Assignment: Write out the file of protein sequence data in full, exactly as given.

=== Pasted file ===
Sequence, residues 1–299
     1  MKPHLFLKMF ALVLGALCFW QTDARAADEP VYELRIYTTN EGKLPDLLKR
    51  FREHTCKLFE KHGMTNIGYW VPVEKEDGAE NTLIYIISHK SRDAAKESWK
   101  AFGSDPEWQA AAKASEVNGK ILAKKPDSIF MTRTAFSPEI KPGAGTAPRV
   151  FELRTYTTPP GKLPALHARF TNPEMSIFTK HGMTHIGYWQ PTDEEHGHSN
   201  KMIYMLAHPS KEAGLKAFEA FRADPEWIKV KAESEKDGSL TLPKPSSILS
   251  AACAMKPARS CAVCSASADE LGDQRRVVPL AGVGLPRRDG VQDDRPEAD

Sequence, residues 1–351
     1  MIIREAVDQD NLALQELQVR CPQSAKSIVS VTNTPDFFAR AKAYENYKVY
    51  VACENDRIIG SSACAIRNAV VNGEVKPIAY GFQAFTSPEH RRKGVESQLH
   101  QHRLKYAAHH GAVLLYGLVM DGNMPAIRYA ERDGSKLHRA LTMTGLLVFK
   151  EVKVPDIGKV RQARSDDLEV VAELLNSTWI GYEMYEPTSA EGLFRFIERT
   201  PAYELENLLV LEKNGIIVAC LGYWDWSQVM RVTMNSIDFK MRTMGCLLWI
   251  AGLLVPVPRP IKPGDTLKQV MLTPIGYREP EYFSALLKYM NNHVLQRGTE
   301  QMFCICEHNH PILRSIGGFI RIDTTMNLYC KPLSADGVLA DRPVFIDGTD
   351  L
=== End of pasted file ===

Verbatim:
Sequence, residues 1–299
     1  MKPHLFLKMF ALVLGALCFW QTDARAADEP VYELRIYTTN EGKLPDLLKR
    51  FREHTCKLFE KHGMTNIGYW VPVEKEDGAE NTLIYIISHK SRDAAKESWK
   101  AFGSDPEWQA AAKASEVNGK ILAKKPDSIF MTRTAFSPEI KPGAGTAPRV
   151  FELRTYTTPP GKLPALHARF TNPEMSIFTK HGMTHIGYWQ PTDEEHGHSN
   201  KMIYMLAHPS KEAGLKAFEA FRADPEWIKV KAESEKDGSL TLPKPSSILS
   251  AACAMKPARS CAVCSASADE LGDQRRVVPL AGVGLPRRDG VQDDRPEAD

Sequence, residues 1–351
     1  MIIREAVDQD NLALQELQVR CPQSAKSIVS VTNTPDFFAR AKAYENYKVY
    51  VACENDRIIG SSACAIRNAV VNGEVKPIAY GFQAFTSPEH RRKGVESQLH
   101  QHRLKYAAHH GAVLLYGLVM DGNMPAIRYA ERDGSKLHRA LTMTGLLVFK
   151  EVKVPDIGKV RQARSDDLEV VAELLNSTWI GYEMYEPTSA EGLFRFIERT
   201  PAYELENLLV LEKNGIIVAC LGYWDWSQVM RVTMNSIDFK MRTMGCLLWI
   251  AGLLVPVPRP IKPGDTLKQV MLTPIGYREP EYFSALLKYM NNHVLQRGTE
   301  QMFCICEHNH PILRSIGGFI RIDTTMNLYC KPLSADGVLA DRPVFIDGTD
   351  L